After being transitioned to the bullpen earlier in the season the Nationals have begun the process to reconvert him into a starter in the wake of Joe Ross’ season ending injury (and the subsequent injury to Stephen Strasburg).  There’s obviously a need (does anyone believe that Edwin Jackson is a realistic solution), so it shouldn’t be long before Fedde is given an opportunity to fill it.

It’s tough to draw conclusions off this season’s numbers, split between Double and Triple-A, thanks to the time spent in the bullpen.  That said he’s showing all of the skills we look for, with a 2.06 GO/AO (1.53 over his minor league career), 8.0 K/9 (it’s been down at Triple-A, with a 6.43 mark) and 2.4 BB/9 (2.3 over his minor league career).  Pitching in the NL East would only improve his stock and given the time spent in the bullpen an innings limit shouldn’t be an issue (it’ll be in the 150-160 inning range).  There’s still a chance the Nationals import an option, but look for Fedde to arrive in short order.

 

4) Rhys Hoskins – Philadelphia Phillies – First Baseman (8)
We’ve been waiting for the Phillies to turn the page from Tommy Joseph, the move just hasn’t come yet.  However with Nick Williams tearing it up and settling into the #3 spot in the batting order, maybe that will help to motivate them to make a move.  While Hoskins is hitting .231 over his past 10 games, he’s continued to hit for power (3 HR in his past four games, giving him 23 on the season) and has shown a greatly improved command of the strike zone overall:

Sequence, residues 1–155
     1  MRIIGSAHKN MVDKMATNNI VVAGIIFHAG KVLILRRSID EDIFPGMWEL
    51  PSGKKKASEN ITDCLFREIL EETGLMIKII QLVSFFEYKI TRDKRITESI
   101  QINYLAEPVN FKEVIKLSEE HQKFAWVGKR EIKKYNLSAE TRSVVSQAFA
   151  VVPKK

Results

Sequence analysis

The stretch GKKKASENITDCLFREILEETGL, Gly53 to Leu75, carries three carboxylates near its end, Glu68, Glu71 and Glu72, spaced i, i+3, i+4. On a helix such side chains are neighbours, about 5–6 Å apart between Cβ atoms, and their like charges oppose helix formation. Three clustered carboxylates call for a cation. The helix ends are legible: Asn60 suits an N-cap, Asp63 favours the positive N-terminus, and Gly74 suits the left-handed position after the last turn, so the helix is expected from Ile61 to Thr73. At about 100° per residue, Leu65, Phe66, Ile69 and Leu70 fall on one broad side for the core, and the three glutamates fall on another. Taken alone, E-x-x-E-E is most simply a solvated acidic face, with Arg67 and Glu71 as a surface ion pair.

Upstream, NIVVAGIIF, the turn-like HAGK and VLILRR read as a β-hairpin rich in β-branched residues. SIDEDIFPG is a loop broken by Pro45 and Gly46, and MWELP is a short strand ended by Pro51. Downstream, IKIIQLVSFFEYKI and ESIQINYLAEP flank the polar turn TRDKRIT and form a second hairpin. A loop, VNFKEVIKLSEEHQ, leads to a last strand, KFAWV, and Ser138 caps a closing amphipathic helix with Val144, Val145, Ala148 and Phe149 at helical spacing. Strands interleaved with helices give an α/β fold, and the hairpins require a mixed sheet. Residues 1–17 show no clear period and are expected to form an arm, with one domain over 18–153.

• Strikeout Rate – 16.0%
  • Walk Rate – 12.6%

That’s a dangerous combination, and the Phillies’ .421 SLG from its first baseman ranks fifth worst in the league.  With Joseph struggling again (.216 with 3 HR over the past 30 days), the time for Hoskins’ arrival is near.

 

5) Luke Weaver – St. Louis Cardinals – Starting Pitcher (NR)
There have been some rumblings that the Cardinals could move a starter ahead of the trade deadline (most notably Lance Lynn), and the injury to Adam Wainwright has all but cemented Weaver’s rise.  He’s 9-1 with a 1.91 ERA and 0.94 WHIP over 66.0 IP at Triple-A and in the process has shown strikeouts (9.41 K/9), elite control (1.91 BB/9) and more than enough groundballs (47.3%).  As long as he can maintain the groundball rate, the upside is there to put last season’s miserable time in the Majors behind him (similar to what Jose Berrios has done in Minnesota this season).